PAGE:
On Saturday night, Gustavo Dudamel led the LA Phil in a program featuring three works by Igor Stravinsky, the Suites Nos. 1 and 2 for Small Orchestra and The Rite of Spring. Sandwiched in between was the U.S. premiere of Mysteriën by Dutch composer Louis Andriessen.
Dudamel opened with Stravinsky’s two orchestral suites, which are Stravinsky’s orchestrations of eight piano duets he wrote for his children. Even though Stravinsky is most well known for his large-scale ballet suites (Firebird, Petrushka and The Rite of Spring), he was a master of the miniature and the economical. These two suites are composed of four (each) very short sections or movements (13 minutes total for both suites). The suites, especially the second one, are written in the burlesque style that also characterizes Stravinsky’s ballet Petrushka. In fact, the Valse from the second suite could have been taken from Petrushka.
Dudamel and the Phil perfectly captured both the childlike feeling and the humor of the Suites, and Associate Principal Flutist Catherine Ransom Karoly showed her chops in the Valse movement of the second suite.
Andriessen’s Mysteriën, composed and premiered in 2013, was commissioned by the Royal Concertgebouw Amsterdam for the Royal Concertgebouw Orchestra on the occasion of the125th anniversary of both the hall and the orchestra. The work is composed of six sections, or “frescoes” in Andriessen’s words, each depicting a worldly scene of a religious setting. It is scored for a large orchestra (although not as large as Le Sacre du printemps). Interestingly, there are no bassoons. Instead there is bass and a contrabass clarinet that serves to ground the lower strings. Although there is a large percussion ensemble, Andriessen doesn’t beat the listener over the head (no pun intended) with percussion like many contemporary composers. Rather he uses it sparingly to complement the traditional orchestral instruments. And the percussionists were superb, especially Principal Percussionist Raynor Carroll, who hasn’t been seen for some time. The rest of the orchestra performed flawlessly. The audience responded with polite applause — it was clear they were there for Le Sacre du printemps.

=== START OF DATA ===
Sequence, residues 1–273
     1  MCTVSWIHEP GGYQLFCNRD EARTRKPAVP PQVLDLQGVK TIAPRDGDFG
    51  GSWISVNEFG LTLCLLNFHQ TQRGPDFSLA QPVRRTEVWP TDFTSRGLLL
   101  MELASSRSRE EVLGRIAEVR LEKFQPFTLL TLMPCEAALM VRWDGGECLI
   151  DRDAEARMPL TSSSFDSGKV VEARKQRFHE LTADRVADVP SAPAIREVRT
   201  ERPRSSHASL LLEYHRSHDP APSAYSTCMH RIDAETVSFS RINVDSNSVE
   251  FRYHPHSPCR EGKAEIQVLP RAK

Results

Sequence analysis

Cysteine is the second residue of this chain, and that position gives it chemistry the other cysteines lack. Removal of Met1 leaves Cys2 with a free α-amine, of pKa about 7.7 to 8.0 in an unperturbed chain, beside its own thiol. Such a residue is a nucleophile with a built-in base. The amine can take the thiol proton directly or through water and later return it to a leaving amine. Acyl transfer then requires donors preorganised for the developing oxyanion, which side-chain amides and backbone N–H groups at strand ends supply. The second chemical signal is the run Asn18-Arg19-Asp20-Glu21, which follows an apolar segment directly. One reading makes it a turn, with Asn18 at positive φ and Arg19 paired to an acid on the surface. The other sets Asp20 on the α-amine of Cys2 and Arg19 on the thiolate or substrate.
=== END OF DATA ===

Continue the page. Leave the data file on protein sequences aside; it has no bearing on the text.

Dudamel and the LA Phil have an affinity for Le Sacre, which was composed 100 years before Andriessen’s Mysteriën. Dudamel has performed it more than once, both with the LA Phil and the Simon Bolivar Orchestra, and the LA Phil has performed it under different conductors, including their past music director, Essa Peka Salonen.
On Saturday night, listeners witnessed a different Le Sacre than the last time Dudamel conducted it. It was more nuanced, both in the quieter sections and the louder ones. Dudamel also nuanced the tempo in a few places, most notably in the next to last section of the piece, the Ritual Performance of the Ancestors. At times Dudamel was cueing so many sections in such rapid succession it was hard to believe he could do that and still keep the complex rhythm called for. And Dudamel loves drums, which he had booming! He also extended the quarter-note rest in the flutes at the very end just for effect before the last fortissimo chord.
Dudamel and the LA Phil’s Le Sacre brought screams and whistles and a standing ovation from the partisan crowd which lasted for several curtain calls. Not quite the riot that ensued after its premiere in Paris, but Stravinsky’s Le Sacre du printemps continues to excite audiences. Gustavo Dudamel knows how to milk that effect.
The concert repeats today at 2 p.m.
—Henry Schlinger, Culture Spot LA
For more information, visit www.laphil.com.